The world can be a scary place – but it seems so can the augmented reality world now too as Alton Towers releases the first 3D experiential rollercoaster.
The aptly named rollercoaster ‘The Smiler’, an £18 million ride that has a maximum speed of 85km/h, peaks at 30 meters off the ground and lasts for just under three minutes, is set to open in May 2013.
But that’s not all that’s terrifying about the ride – it is set to be promoted through gamification with an AR game that will be made available across iOS and Android devices and will feature a full 3D recreation of the ride itself. The game, which was developed by mobile creative agency Matmi following a commission from ad agency TBWA/Manchester, will allow players to take control of the rollercoaster cars as they attempt to keep them in line, and will be able to upgrade their rollercoaster as they gain points to spend.
To ensure that players are driven to the final purpose, in order to complete the game they must set foot in Alton Towers Resort’s X-Sector and use the Smiler Scanner on images to unlock the next updgrade. The final upgrade comes having taken a ride on The Smiler itself however.
The most interesting feature of the game, built using Unity3D, is its use of AR technology, which can unlock hidden content through the scanner and offer access to secret upgrades, as well as extra videos and images from images placed around the park.
“Creating a game was simple enough but we wanted to incorporate the experience of the rollercoaster and within that allow users earn credits to mould their own rollercoaster to a certain level. There are extra points that you need to create the ultimate rollercoaster though and insert GPS for other areas of the park as well,” explained Matmi managing director Jeff Coughlin.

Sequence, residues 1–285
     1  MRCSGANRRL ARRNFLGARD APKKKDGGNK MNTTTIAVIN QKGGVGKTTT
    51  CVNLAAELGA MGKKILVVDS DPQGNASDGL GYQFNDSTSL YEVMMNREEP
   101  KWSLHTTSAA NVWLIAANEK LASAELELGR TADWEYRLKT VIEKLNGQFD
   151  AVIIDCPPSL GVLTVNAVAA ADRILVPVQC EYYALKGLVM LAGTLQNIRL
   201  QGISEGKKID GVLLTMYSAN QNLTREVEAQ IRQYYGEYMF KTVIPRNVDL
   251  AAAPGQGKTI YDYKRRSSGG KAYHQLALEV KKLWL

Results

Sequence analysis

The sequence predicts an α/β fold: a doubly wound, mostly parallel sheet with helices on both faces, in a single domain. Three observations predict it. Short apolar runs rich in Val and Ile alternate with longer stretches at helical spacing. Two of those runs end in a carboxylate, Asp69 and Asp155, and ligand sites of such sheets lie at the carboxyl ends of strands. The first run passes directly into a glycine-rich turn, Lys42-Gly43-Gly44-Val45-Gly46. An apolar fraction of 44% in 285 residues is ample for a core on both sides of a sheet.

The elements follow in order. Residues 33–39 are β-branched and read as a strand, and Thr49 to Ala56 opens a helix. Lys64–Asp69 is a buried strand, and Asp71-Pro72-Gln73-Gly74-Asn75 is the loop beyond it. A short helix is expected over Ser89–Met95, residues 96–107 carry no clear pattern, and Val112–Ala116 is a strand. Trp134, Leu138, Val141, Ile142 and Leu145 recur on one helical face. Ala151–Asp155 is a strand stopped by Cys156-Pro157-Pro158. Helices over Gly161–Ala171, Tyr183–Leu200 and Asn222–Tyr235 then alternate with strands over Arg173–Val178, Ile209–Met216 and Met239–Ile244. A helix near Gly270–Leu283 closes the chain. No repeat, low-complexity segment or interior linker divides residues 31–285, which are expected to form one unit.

He continued: “We realised that we could augment the game for people in the queue and we added images that would help them bring it to live, so it could become a sort of treasure hunt. It could have been a video or a 3D overlay and we’ve made it like a game in itself. It’s a physical thing to do as well while waiting at the park, where you could end up with the ultimate rollercoaster, which is the one you’re waiting in line for.”
GPS location features are included within the game, allowing it to be incentivised with related images being placed at different places around the theme park, driving people towards The Smiler.
Coughlin discusses the possibilities that the use of AR and GPS location software involved in the development of this game could have in other sectors: “You could do it around supermarkets with food packets or in a library with book covers – trying to find them. There’s so much more we can do with the augmented driver. It could be used by museums to have visitors achieve things by looking at different bits of art and sculptures and offering little questions on those – it could make school trips a hell of a lot more interesting. Not only that – people who have questions during audio journeys – you can turn that on its head by allowing them to delve into it. Here we can bridge the world between digital and physical like in no other way.”
In anticipation of the launch, a teaser campaign has run, steered by TBWA/Manchester, with images of the Smiler’s brightly coloured logo appearing on popular landmarks around London to raise interest.